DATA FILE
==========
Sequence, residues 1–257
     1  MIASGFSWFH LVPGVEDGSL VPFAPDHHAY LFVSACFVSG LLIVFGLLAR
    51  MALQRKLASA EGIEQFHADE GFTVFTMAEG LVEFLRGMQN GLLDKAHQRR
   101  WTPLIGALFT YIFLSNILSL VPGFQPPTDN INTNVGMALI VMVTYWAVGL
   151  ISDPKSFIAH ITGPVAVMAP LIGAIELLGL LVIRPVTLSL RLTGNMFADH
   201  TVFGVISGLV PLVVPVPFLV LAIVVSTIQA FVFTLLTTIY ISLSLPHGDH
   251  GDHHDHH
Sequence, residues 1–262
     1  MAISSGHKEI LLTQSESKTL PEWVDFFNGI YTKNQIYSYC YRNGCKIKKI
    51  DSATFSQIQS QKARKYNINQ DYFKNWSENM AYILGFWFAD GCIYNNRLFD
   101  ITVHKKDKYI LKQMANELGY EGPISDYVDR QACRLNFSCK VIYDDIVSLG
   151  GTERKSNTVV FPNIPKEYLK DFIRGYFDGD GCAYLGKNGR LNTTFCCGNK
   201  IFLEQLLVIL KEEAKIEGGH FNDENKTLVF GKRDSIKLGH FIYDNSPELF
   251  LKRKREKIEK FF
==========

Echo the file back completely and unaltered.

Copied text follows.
Sequence, residues 1–257
     1  MIASGFSWFH LVPGVEDGSL VPFAPDHHAY LFVSACFVSG LLIVFGLLAR
    51  MALQRKLASA EGIEQFHADE GFTVFTMAEG LVEFLRGMQN GLLDKAHQRR
   101  WTPLIGALFT YIFLSNILSL VPGFQPPTDN INTNVGMALI VMVTYWAVGL
   151  ISDPKSFIAH ITGPVAVMAP LIGAIELLGL LVIRPVTLSL RLTGNMFADH
   201  TVFGVISGLV PLVVPVPFLV LAIVVSTIQA FVFTLLTTIY ISLSLPHGDH
   251  GDHHDHH
Sequence, residues 1–262
     1  MAISSGHKEI LLTQSESKTL PEWVDFFNGI YTKNQIYSYC YRNGCKIKKI
    51  DSATFSQIQS QKARKYNINQ DYFKNWSENM AYILGFWFAD GCIYNNRLFD
   101  ITVHKKDKYI LKQMANELGY EGPISDYVDR QACRLNFSCK VIYDDIVSLG
   151  GTERKSNTVV FPNIPKEYLK DFIRGYFDGD GCAYLGKNGR LNTTFCCGNK
   201  IFLEQLLVIL KEEAKIEGGH FNDENKTLVF GKRDSIKLGH FIYDNSPELF
   251  LKRKREKIEK FF